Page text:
Console players are finally getting in on the killer action, and we show you how to dominate on PS4 as the Hag!

Dead By Daylight PS4 Guide: How to Play (and Survive) The Hag

Console players are finally getting in on the killer action, and we show you how to dominate on PS4 as the Hag!
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She might not have a hockey mask or a chainsaw, but the Hag can be absolutely deadly in a round of Dead By Daylight. Originally included with the Of Flesh And Mud DLC for the PC version, The Hag is now coming to the Special Edition of Dead By Daylight for consoles.

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There have been numerous tweaks and fixes since the game first launched on PC a year ago, reducing window juking and other issues that were common causes of frustration. But if you’re just jumping into the game on PS4, you’ll still need to know how to play each killer.  

Without some knowledge ahead of time, you’ll be left in the dust with a group of survivors laughing at your inept attempts to eviscerate them. Below we cover everything you need to know to either play as (or survive against) the Hag.

Basics for Playing The Hag

Once a benign witch who drew charms for safety and good fortune, Lisa Sherwood became the Hag after being tortured near to death by cannibals and only escaping by turning towards dark magic centered around vengeance.

The Hag is essentially a combo class, combining the teleporting feature of the Nurse with the bear traps feature of the Trapper.

Most killers feature a primary and secondary weapon, in addition to a special power unique to each killer. The Hag breaks out of that standard style, with only one attack and one special ability.

Besides the ability to swipe with one arm to break obstacles or injure survivors, her main powers instead are placing Phantasm Traps, as well as utilizing Hex Totem perks that make it much harder for survivors to escape.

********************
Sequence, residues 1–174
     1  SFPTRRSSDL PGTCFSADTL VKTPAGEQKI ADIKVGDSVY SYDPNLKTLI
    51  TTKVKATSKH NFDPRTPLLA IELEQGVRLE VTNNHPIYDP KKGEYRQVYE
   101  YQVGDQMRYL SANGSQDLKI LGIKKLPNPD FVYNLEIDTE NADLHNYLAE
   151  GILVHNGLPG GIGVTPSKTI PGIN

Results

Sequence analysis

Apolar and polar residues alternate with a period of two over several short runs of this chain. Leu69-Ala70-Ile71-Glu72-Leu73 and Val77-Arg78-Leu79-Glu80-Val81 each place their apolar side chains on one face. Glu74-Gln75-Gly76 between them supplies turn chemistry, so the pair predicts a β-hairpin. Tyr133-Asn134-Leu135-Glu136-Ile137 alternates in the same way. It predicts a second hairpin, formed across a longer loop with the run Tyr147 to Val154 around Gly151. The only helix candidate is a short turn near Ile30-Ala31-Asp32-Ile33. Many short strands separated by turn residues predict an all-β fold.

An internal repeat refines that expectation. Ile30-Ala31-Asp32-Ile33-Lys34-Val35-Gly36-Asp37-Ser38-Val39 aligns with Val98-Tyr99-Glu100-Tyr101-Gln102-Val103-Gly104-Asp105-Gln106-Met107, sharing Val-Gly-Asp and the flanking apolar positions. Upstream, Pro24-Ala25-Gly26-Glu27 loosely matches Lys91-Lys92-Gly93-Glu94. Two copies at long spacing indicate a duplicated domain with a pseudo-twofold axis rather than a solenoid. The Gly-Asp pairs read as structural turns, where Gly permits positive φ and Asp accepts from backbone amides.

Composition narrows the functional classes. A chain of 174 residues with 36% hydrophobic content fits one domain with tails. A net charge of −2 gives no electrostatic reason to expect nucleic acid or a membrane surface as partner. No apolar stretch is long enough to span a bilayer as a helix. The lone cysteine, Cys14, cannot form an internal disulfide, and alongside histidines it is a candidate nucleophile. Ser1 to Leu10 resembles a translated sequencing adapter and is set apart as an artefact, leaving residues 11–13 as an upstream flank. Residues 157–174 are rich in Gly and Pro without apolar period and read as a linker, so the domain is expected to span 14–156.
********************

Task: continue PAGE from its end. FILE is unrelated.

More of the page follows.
Starting a match as the Hag

Killer Basics

For those console players who didn’t already play the PC edition, you need to know some basics. Playing a killer like the Hag switches the view to first person from third for a different layout and viewpoint. You detect survivors by looking for scratches on the ground, listening for heartbeats, and seeing flashes of light when a survivor fixes or turns on a generator.

Besides knowing how to use your special ability, learning individual map layouts is absolutely critical so you don’t end up chasing your tail. Survivors who know how to efficiently use windows and doors to get away from you can be elusive. A direct chase from point A to point B is usually the worst way to go about chasing a survivor, as they will be able to jump out a window and run around the building, or drop a wood pallet to block your path.

Here’s where you’ve got an advantage — the Hag can destroy wood obstacles with two swipes of her arm. But make sure you are close enough to the pallet to trigger the correct action! Many Hag players have accidentally teleported when they meant to break a pallet. When you finally catch up to a survivor and knock one down after two swipes, take ’em to any of the map’s meat hooks to hang!

During the course of a map you earn blood points by completing various tasks, which can be used to unlock new perks and upgrade the Hag for future matches. Points are primarily earned for placing traps, triggering traps, finding/chasing/attacking/hooking survivors, breaking objects, and evading flashlights.

 The scratches means someone’s been running or is injured

Hag Power: Blackened Catalyst

Other than a simple swipe with her claw, these triangle traps drawn on the ground are the primary ability for the Hag. When a survivor stumbles over a trap, a ghostly replica of the Hag jumps out and scares them. So long as you are within range, you can teleport directly to that location to try to kill or chase the survivor.

Keep an eye and ear out — the replica Hag appearing causes the heartbeat and scratches to come into play so you know where to go. There’s only a brief window to teleport, though. So if you are out of range right after the trap is triggered, you’ll have to run.

The main strategy to think about here is trap placement. Just plopping them anywhere is a waste and will ensure a quick defeat. Instead, place traps in locations where foot traffic is going to be heavy, like near the map’s escape door or next to generators and building windows.